SberIndex reviews 2021 results
This year’s key challenge has been a global transition to inflation growth, which drove an increase in interest rates by central banks worldwide. Meanwhile, SberIndex analysts claim that Russian markets generally seem to believe the CBR will reverse the inflation trend by as soon as the second half of 2022 and force rates to go down.
Despite the growth in deposit rates that followed the increase in the key rate, the interest of retail investors in the stock markets continued to grow. Individuals prefer stocks and bonds of Russian issuers, prioritizing shares.
By late 2021, the labor market in Russia has almost recovered from the pandemic-driven losses. Aggregate payrolls for the whole year will be about RUB 29.3 tn due to the rapid revival of hiring and active indexation of wages by businesses.
The mortgage lending market emerged as the main beneficiary of the decline in key rates in 2020 and the introduction of the mortgage subsidy program on the primary market since April 2020. Another mortgage record – and not the last one – is expected at the end of 2021 when approximately RUB 5.5 tn will have been taken out in home loans, a quarter more than in 2020 when the metric reached an all-time high as well.
According to SberIndex estimates, the net profit of Russian banks will reach a record of RUB 2.5 tn in 12M 2021. Profit growth will in many ways be driven by the fact that many banks have ceased holding bigger reserves built in the crisis-laden 2020. An improved economic situation spurred the growth of the loan portfolio, which is also the cause of the high revenues of Russian banks in the ongoing year. Furthermore, the growth of lending and economic activity have contributed to a decrease in NPLs.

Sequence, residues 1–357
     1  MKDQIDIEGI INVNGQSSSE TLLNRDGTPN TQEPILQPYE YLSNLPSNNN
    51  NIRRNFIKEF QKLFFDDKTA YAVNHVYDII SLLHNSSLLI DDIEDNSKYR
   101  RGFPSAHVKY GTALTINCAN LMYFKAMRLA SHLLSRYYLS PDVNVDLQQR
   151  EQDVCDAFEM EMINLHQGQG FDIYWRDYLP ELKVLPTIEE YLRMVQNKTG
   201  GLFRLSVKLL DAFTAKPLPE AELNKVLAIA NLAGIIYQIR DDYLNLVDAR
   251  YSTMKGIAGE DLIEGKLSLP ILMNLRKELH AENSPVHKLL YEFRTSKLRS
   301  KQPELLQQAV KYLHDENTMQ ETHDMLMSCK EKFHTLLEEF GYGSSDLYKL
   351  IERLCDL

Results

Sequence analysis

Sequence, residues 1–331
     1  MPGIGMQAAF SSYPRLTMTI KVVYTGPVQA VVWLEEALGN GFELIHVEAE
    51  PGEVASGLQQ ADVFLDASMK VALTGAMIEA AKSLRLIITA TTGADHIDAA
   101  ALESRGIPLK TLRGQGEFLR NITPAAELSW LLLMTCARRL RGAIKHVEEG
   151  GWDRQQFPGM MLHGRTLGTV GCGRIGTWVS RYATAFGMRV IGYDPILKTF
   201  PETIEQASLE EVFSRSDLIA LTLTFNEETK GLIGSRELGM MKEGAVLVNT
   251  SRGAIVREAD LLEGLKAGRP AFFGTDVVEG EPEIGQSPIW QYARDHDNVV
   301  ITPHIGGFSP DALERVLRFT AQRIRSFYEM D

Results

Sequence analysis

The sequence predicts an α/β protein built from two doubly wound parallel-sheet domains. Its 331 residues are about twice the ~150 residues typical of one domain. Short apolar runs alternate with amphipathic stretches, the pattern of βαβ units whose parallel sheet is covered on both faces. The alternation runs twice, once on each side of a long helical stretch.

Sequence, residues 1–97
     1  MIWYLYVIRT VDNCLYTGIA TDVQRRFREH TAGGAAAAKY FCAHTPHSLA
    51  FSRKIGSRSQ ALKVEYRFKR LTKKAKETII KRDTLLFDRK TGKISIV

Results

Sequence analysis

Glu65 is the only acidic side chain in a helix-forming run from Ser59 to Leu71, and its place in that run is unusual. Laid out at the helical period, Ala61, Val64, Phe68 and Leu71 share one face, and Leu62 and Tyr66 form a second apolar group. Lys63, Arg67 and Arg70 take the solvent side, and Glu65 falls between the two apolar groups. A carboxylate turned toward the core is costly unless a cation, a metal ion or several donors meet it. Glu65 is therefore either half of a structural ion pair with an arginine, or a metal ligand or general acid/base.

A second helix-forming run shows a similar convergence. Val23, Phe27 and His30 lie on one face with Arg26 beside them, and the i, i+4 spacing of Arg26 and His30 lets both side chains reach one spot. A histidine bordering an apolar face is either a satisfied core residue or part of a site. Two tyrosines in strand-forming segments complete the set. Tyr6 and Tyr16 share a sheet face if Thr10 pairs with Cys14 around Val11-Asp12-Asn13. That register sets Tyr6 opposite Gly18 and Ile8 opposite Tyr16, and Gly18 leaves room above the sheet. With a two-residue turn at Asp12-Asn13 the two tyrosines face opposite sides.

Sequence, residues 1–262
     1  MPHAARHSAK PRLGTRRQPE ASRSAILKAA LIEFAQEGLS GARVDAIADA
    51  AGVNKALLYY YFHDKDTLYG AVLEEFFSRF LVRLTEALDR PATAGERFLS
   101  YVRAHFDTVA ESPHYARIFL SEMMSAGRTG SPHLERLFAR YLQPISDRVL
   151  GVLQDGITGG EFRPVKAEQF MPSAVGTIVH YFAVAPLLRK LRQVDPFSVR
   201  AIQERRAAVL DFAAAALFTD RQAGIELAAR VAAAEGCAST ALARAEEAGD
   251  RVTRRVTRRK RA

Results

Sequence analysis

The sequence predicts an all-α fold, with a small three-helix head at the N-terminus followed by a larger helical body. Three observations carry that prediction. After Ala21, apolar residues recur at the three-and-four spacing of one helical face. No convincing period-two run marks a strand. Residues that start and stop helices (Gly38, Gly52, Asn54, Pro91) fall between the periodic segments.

An unexpected result of the COVID-19 crisis is that the demand is growing too fast amid a new cost structure. The consumer is still coping with rising prices against the background of high wage indexation speed. However, this situation is unstable since inflation creates risks of weaker dynamics in real terms.
Consumers are not returning to the previous structure of spending even with no significant restrictions in place. Apparently, it will require a complete victory over COVID-19 or its transformation into an endemic disease to restore the structure of demand.
The share of non-cash transactions continues to grow among citizens, but a few years later it may reach its limit. Online sales, especially facilitated through ecosystems, have emerged as an important driver of non-cash payments. There are restraining factors too: the gray economy and older generations being used to cash.
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